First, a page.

This is also a dance where the ladies express the music more through their hip movements. Oftentimes mistaken for grinding, the body movements are initiated with the lead's leg, hip or arm  (on the ladies lower back/hips) movements. Less is more and this dance is very much about the connection between the dancers: the energy is very much focused internally. From the outside, it might sometimes look like two people standing very still while the music is playing.

Examples of Music:
Tarraxinha set courtesy of DJ Adon on Soundcloud
Lukeny and Dj Callas - Isso Doi on Youtube

Is a blend of zouk and semba music. It is more melodic than tarraxinha. The dance is characterized by a smooth yet grounded walk in close embrace between lead and follow: torso's are touching with incidental contact between the legs when walking (if you've attended my classes, I refer to these touch points as the three magnets). The energy of the dance is also focused on the inside: between the lead and follow. The range of speed for kizomba music is 80 - 120 bpms. There is a wide range of music in this genre that can be confusing to the untrained ear because they may sound very different and evoke a different movement from the dancers.

Here is an example of the base beat that is characteristic of kizomba music.
Source: created by Kizomba Dance by Benjamin Nande and DJ Hugo Leite

Here are some of the sub-genres:

GHETTOZOUK songs are a blend of Zouk and R&B. Like Tarraxinha, it is often produced with electronic instrumentation but the vocals are more melodic. Many GhettoZouk songs will also have Tarraxinha elements within the song and sometimes sounds like tarraxinha.

Examples of Music:
Mika Mendes and Saaphy - Bonnie and Clyde
Nelson Freitas and C4 Pedo - Bo Tem Mel
Kaysha - Diamonds

KIZOMBA (also referred to sometimes as Old School Kizomba - which is a misnomer because music is still produced this way in present times) is also produced with live instrumentation: along with the singer, you will hear drums and other percussion along with guitar and horns.

Because this music contains many of the elements of the root dance, dancers often dance to this much like they dance Semba without the showiness or tricks that are more characteristic of semba dancing.

Examples of Music:
Tabanka Djaz - Silencio
Kyaku Kyadaff - Entre Sete Sete & Rosa
Eduardo Paim - A Minha Vizinha
Matias Damásio - Saudades de Nós Dois
Puto Portugues - Minha Passada

And, as is true of how musicians fuse their music with other sounds that they hear, this example is like a fusion of GhettoZouk and Kizomba: DJ Prata and Twenty Fingers - Podem Falar

INSTRUMENTAL KIZOMBA: There is also another style of music that has no vocals and is purely instrumental with a much more slow and languid feel. I'm not sure what to call this style but I refer to is as a Purely Instrumental Kizomba. Tied to this music is a style of dance call Urban Kiz (also referred to as French Kizomba).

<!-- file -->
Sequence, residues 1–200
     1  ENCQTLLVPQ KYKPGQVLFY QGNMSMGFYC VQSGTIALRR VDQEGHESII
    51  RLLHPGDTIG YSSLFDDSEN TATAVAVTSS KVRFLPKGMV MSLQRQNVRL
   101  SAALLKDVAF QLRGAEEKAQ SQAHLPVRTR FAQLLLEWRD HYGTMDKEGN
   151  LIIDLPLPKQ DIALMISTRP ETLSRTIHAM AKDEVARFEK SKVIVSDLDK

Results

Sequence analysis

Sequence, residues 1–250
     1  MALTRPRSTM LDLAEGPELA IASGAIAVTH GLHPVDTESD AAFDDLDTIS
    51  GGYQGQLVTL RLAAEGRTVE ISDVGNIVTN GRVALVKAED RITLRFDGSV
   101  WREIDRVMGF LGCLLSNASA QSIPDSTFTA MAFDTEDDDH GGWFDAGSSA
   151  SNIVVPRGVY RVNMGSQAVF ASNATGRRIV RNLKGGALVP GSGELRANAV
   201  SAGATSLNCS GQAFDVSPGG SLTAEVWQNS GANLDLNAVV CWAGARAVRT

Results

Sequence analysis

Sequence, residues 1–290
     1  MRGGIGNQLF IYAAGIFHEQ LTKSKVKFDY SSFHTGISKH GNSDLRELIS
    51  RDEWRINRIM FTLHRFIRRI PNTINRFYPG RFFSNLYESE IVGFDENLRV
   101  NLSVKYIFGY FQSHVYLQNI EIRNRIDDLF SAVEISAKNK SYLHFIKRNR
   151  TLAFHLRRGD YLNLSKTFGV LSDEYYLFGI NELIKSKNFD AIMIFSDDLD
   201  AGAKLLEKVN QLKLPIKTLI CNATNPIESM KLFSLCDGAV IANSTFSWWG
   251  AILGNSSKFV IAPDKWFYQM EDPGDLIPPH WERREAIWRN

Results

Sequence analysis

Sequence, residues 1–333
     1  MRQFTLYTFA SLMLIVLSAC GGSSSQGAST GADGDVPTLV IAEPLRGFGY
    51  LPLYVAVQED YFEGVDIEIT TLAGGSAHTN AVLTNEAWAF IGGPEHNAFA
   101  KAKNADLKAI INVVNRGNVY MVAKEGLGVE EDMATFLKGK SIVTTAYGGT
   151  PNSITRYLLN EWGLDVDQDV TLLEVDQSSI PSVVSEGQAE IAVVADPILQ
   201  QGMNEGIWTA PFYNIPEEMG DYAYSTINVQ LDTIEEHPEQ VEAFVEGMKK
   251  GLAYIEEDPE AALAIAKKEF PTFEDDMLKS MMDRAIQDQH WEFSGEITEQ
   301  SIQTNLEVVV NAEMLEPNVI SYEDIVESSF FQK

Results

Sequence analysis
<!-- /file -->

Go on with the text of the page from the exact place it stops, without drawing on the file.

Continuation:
Here are examples of that style of music:
Remix by DJ Ghost Face - Bamboo Flute Kizomba
Cinematic Orchestra - Arrival Of Kizomba by DJ C.C.Ron Symphonic

Semba is the root dance for Kizomba. The music style has an upbeat quality to it and does NOT contain the zouk beat. The syncopation (beats that are not on the base beat)  beats in a Semba rhythm will often give the music a feeling like you're about to gallop (as a friend said, its a giddy up feeling). On average, music speeds range from 90 to 150 bpms.

Semba music is produced with a variety of instruments: drums, reco reco, piano, horns, string along with vocals. The dance itself has an outward energy unlike Kizomba and Tarraxinha. In spirit, the movements and playfulness are much like merengue and casino where the lead can be seen as playing and "showing off" while the follow walks to the base beat strutting her stuff. The dance may have more separation between lead and follow (compared to kizomba and tarraxinha) and requires a firmer frame than kizomba.

Remember that this is a dance that is danced with family and friends and so the nature of the dance is very social (which is a lot like the spirit of casino dancing or even bachata in the Dominican). There is the social aspect of the dance and then the showy aspect of the dance with lots of tricks like drops, leans, and "checking out the shoes". When you watch dancers dancing semba you can see their energy because of its outward flow.

Examples of Music:
Carlos Burity - Tia Joaquina
Tropical Band - Vagabundo
Leo featuring Yuri De Cunha - E Bumbar
Yuri De Cunha - Kuma

As I said this is just the tip of the iceberg. There are so many other music styles from the Carribean (Kompa, Kassav) and Cape Verde (Coladera, Morna, Funana, Mazurka) that have influenced what we now know as kizomba.

I believe in constantly learning and growing and in this particular area, I would never be able to write or teach if I didn't have some great teachers and fellow learners (aka geeks) to work with.

Here are some of the few links that I can share to help get you going if you want to know more about the general differences:

A highly entertaining introduction to Semba by Hernury Jamba Jamba (Angola/Czech Rep) and Liliana Barnó (Spain/Czech Republic) at the 2013 Sawa Sawa Kizomba Festival in Washington DC. [Thanks to Oscar BA for sharing.]

Another brief primer on the differences between Tarraxa, Kizomba and Semba by Joao Rocha and Giedre.

I've also found some great percussion snippets and semba rhythms from this facebook page: Yasmane Santos Percussion

For you dancers out there that are still confused by all the music and are unsure about how to dance to what you hear. This is my advice: just DANCE TO THE MUSIC. I tell my students all the time, pay attention to the music playing, it will tell you how to move.

I would also like to publicly say THANKS to these folks who have in some form or another influenced the content for this post and have helped me beef up my music knowledge
Eddy, Yair, Philippe, Eric, Guelas, Ana, and Petchu